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Hildebert of Lavardin (or Hildebert of Tours) (c. 1055 – December 18, 1133) was a French writer and ecclesiastic. His name is also spelled Hydalbert, Gildebert, or Aldebert.


Hildebert was born of poor parents at Lavardin, near Vendôme, and was intended for the church. He was probably a pupil of Berengarius of Tours, and became master (scholasticus) of the school at Le Mans; in 1091 he was made archdeacon and in 1096 bishop of Le Mans. He had to face the hostility of a section of his clergy and also of the English king, William II, who captured Le Mans and carried the bishop with him to England for about a year.

Hildebert then travelled to Rome and sought permission to resign his bishopric, which Pope Paschal II refused. In 1116 his diocese was thrown into great confusion owing to the preaching of Henry of Lausanne, who was denouncing the higher clergy, especially the bishop. Hildebert compelled him to leave the neighborhood of Le Mans, but the effects of his preaching remained.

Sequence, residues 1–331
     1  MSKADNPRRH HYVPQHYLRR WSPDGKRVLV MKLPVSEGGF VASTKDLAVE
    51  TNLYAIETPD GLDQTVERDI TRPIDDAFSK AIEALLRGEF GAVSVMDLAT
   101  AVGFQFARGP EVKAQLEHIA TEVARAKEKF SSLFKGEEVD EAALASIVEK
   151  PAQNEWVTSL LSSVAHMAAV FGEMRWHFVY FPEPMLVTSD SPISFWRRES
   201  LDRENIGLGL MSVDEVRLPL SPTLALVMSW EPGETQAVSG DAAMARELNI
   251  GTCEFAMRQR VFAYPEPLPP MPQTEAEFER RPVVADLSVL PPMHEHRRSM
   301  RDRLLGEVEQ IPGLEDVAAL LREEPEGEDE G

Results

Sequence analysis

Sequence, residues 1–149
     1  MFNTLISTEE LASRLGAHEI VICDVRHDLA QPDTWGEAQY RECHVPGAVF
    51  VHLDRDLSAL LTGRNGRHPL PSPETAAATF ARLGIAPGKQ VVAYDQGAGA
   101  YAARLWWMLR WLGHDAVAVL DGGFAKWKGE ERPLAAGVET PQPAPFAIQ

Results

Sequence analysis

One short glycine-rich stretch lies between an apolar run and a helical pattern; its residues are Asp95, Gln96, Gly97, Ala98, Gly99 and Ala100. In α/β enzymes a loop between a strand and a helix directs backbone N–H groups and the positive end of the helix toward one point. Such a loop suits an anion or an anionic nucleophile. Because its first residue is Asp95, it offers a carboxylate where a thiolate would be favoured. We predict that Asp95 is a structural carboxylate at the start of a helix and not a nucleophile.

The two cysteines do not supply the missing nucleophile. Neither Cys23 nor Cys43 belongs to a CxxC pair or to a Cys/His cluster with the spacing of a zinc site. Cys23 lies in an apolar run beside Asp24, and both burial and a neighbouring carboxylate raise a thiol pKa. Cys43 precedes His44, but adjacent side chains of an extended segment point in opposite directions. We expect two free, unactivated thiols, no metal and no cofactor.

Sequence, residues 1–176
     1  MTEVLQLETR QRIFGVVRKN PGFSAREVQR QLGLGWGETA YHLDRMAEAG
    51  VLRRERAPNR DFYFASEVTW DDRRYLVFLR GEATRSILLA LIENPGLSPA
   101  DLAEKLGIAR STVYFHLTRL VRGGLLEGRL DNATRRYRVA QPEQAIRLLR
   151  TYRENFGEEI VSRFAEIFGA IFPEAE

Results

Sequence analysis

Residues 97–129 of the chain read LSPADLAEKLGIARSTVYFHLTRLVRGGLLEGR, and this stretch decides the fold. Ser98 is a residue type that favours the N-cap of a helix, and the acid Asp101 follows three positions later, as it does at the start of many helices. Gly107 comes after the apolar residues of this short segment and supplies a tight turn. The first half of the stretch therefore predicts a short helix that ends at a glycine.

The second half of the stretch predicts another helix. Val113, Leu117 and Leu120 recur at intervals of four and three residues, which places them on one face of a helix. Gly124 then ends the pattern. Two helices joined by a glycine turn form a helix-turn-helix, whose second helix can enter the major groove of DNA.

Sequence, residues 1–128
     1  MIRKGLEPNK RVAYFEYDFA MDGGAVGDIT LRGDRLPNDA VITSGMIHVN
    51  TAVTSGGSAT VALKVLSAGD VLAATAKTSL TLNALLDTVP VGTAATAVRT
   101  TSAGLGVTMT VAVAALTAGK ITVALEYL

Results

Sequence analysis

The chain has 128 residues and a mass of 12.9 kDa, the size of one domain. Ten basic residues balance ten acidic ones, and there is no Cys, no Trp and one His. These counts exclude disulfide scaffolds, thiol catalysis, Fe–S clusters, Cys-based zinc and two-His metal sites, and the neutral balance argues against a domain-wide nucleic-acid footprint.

In 1125 Hildebert was translated unwillingly to the archbishopric of Tours, where he came into conflict with the French king Louis VI about the rights of ecclesiastical patronage, and with the bishop of Dol about the authority of his see in Brittany. He presided over the synod of Nantes, and died at Tours probably on December 18, 1133. Hildebert built part of the cathedral at Le Mans. Some writers have referred to him with the title of saint, but there appears to be no authority for this. He...
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